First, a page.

A New Approach to Predicting Component Temperature Collectives for Vehicle Thermal Management

Paper #:
  • 2017-01-0134

  • 2017-03-28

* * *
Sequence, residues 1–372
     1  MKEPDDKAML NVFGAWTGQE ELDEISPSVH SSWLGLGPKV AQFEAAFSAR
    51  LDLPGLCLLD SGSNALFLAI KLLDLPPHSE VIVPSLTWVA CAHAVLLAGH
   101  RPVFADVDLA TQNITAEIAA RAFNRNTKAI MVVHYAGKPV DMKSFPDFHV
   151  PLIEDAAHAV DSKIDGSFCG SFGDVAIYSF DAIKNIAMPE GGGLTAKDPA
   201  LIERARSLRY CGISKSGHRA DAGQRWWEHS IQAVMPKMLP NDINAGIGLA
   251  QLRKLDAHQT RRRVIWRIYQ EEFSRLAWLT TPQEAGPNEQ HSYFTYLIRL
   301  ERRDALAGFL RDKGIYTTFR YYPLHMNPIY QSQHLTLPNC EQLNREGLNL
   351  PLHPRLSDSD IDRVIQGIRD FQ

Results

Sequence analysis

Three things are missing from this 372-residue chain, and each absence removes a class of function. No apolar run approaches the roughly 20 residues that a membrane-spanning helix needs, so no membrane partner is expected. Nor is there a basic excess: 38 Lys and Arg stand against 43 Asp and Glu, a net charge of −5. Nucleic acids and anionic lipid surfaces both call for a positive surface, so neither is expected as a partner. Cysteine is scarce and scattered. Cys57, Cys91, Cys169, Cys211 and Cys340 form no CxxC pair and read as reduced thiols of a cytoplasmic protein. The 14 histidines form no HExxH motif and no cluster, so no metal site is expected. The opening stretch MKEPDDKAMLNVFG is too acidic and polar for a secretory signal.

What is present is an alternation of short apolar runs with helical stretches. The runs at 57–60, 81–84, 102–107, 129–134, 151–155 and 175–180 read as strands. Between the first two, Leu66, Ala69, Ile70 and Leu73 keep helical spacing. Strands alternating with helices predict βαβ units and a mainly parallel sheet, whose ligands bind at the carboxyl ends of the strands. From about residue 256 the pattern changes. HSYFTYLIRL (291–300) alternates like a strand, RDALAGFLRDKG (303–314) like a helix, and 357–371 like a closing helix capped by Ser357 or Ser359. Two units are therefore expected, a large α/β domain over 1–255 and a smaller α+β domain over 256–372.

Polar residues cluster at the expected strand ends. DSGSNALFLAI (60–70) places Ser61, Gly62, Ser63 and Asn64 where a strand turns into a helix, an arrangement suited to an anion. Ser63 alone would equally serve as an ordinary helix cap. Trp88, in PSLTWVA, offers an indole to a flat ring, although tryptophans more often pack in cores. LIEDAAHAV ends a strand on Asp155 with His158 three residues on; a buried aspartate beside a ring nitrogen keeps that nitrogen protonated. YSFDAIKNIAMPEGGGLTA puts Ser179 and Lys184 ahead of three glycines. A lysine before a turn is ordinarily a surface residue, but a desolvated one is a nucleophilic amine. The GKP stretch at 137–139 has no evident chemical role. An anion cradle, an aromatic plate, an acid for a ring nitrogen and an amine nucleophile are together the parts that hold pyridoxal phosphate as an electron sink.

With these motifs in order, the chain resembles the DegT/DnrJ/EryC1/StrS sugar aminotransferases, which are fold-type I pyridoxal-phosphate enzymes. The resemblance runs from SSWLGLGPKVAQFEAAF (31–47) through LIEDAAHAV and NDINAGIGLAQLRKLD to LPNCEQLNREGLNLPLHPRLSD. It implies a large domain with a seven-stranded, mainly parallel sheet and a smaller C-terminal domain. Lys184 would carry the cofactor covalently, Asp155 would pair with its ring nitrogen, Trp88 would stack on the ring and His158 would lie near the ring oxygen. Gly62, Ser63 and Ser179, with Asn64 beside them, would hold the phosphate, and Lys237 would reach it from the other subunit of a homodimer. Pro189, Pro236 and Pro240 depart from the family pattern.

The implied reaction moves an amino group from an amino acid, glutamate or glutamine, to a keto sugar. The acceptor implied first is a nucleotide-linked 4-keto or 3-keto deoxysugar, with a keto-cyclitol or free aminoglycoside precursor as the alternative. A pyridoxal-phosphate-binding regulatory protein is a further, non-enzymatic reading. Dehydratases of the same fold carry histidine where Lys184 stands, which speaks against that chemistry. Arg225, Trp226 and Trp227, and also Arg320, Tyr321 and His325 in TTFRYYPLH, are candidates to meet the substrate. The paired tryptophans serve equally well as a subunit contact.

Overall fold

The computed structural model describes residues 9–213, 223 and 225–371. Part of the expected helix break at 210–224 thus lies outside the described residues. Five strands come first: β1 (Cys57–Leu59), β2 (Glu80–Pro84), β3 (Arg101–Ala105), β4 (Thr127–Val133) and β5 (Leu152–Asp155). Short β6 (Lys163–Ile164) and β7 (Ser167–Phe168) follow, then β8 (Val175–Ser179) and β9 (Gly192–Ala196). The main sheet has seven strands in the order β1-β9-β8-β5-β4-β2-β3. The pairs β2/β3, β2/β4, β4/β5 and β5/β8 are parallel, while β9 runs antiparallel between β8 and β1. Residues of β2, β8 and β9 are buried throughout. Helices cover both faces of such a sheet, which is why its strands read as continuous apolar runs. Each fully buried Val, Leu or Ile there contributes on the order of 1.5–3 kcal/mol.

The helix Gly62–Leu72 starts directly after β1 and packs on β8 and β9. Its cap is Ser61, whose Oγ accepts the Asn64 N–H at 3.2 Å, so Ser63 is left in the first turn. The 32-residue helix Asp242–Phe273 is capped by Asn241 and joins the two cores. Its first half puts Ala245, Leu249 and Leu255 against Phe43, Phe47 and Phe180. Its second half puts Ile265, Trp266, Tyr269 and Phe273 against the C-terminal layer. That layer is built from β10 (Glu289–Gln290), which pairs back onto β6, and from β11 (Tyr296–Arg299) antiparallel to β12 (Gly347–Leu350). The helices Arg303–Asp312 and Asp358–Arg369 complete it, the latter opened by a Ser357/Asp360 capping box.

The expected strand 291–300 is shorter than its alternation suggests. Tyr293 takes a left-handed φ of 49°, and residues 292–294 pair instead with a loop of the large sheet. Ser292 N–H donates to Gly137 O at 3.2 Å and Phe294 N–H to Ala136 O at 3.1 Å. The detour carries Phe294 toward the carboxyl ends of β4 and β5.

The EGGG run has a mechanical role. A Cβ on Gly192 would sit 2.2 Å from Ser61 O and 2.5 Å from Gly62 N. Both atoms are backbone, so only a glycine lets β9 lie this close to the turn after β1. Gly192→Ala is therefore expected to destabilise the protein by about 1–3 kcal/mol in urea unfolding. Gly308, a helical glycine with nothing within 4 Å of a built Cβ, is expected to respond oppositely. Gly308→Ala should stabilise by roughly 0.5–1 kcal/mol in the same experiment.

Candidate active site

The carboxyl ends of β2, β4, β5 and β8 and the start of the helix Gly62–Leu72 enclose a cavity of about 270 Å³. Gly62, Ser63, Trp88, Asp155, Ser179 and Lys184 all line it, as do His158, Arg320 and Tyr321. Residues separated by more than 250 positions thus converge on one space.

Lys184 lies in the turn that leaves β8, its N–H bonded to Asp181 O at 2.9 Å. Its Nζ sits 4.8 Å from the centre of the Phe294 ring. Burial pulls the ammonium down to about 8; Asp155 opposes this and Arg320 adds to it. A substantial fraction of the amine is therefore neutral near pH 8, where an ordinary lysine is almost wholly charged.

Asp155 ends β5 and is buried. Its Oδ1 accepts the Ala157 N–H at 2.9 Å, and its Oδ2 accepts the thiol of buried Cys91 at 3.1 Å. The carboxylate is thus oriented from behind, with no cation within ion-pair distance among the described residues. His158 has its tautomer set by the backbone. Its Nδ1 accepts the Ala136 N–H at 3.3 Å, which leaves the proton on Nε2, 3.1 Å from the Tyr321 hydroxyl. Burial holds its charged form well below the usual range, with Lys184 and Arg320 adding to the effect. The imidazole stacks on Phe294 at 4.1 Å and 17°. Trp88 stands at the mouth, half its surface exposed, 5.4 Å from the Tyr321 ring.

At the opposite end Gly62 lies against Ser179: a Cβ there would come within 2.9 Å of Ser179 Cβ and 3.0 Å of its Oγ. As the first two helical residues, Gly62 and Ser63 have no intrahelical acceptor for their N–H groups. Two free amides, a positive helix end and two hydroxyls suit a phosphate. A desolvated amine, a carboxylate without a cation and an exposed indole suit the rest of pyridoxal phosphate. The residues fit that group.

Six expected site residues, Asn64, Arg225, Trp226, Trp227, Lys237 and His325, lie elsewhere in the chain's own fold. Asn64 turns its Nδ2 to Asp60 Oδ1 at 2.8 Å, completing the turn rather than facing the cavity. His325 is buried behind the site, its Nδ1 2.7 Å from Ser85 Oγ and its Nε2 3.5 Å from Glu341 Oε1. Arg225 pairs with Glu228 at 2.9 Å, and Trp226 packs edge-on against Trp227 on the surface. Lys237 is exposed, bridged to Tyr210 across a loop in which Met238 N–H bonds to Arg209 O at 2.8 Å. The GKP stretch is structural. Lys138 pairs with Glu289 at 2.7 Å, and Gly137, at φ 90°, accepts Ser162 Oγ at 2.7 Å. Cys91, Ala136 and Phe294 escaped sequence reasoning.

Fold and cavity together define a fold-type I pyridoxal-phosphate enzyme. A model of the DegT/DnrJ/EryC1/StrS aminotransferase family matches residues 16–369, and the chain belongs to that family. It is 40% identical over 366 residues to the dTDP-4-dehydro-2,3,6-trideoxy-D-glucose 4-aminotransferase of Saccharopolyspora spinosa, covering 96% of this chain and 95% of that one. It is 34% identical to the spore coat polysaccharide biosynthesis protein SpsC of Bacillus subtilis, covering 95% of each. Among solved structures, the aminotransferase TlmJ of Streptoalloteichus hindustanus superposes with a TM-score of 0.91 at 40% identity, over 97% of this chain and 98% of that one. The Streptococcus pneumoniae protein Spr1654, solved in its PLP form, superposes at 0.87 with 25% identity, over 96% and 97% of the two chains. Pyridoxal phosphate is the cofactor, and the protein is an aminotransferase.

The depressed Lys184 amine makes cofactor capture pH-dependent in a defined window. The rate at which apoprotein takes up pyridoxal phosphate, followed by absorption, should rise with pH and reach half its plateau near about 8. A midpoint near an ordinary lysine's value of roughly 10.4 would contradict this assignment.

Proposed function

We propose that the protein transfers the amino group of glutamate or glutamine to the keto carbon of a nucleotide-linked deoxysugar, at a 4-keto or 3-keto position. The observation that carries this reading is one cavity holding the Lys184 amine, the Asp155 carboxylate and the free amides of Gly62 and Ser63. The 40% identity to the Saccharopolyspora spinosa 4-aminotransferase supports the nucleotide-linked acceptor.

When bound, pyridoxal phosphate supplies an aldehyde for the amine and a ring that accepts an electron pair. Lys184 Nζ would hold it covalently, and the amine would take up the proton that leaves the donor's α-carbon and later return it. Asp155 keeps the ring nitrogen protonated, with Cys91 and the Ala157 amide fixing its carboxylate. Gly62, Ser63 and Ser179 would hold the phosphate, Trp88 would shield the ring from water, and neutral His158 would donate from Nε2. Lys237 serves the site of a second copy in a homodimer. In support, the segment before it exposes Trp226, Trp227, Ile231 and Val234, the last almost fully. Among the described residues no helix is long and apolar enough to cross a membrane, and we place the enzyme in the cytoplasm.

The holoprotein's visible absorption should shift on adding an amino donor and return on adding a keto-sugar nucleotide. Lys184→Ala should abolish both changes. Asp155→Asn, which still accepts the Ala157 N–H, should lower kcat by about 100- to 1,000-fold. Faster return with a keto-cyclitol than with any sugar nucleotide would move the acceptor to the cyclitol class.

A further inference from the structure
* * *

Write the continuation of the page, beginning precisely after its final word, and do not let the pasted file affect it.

There is a growing need for life-cycle data – so-called collectives – when developing components like elastomer engine mounts. Current standardized extreme load cases are not sufficient for establishing such collectives. Instead of using endurance testing data – which necessitates full vehicle on-road tests – a prediction methodology for component temperature collectives utilizing existing 3D CFD simulation models is presented. The method uses support points to approximate the full collective. Each support point is defined by a component temperature and a position on the time axis of the collective. Since it is the only currently available source for component temperature data, endurance testing data is used to develop the new method. The component temperature range in this data set is divided in temperature bands. Groups of driving states are determined which are each representative of an individual band. Each of the resulting four groups of driving states is condensed into a substitute load case. To determine component temperatures for these substitute load cases, combined numerical CFD and heat transfer simulations are performed. The simulations follow the standard Mercedes-Benz Vehicle Thermal Management (VTM) methods and their results show good agreement with measurements at a climatic wind tunnel. A support point’s position on the time axis is determined from the frequency of occurrence of the corresponding group of driving states in the endurance testing data. Using these two pieces of information, four support points are defined for the component temperature collective. Their dimensions, component temperature and position on the time axis, are independent of each other. Following this approach, a new geometry or vehicle type affects only the component temperature through changes in the simulation model. The position of the support point on the time axis depends solely on the assumed driving profile. Thus, this method enables the prediction of component temperature collectives in an early development stage.
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